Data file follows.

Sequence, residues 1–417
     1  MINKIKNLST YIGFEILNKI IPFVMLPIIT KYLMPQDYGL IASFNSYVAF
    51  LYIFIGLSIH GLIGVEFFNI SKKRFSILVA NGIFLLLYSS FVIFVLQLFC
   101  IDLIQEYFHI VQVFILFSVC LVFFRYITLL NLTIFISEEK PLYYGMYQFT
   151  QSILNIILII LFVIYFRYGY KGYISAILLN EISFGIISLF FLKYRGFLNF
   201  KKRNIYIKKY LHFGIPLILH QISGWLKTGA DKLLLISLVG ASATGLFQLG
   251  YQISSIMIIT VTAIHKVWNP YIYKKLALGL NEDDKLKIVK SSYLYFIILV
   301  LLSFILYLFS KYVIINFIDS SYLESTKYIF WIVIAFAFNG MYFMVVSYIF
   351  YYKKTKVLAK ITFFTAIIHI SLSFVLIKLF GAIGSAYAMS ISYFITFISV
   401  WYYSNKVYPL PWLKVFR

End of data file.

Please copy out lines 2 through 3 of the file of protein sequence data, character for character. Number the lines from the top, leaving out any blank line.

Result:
     1  MINKIKNLST YIGFEILNKI IPFVMLPIIT KYLMPQDYGL IASFNSYVAF
    51  LYIFIGLSIH GLIGVEFFNI SKKRFSILVA NGIFLLLYSS FVIFVLQLFC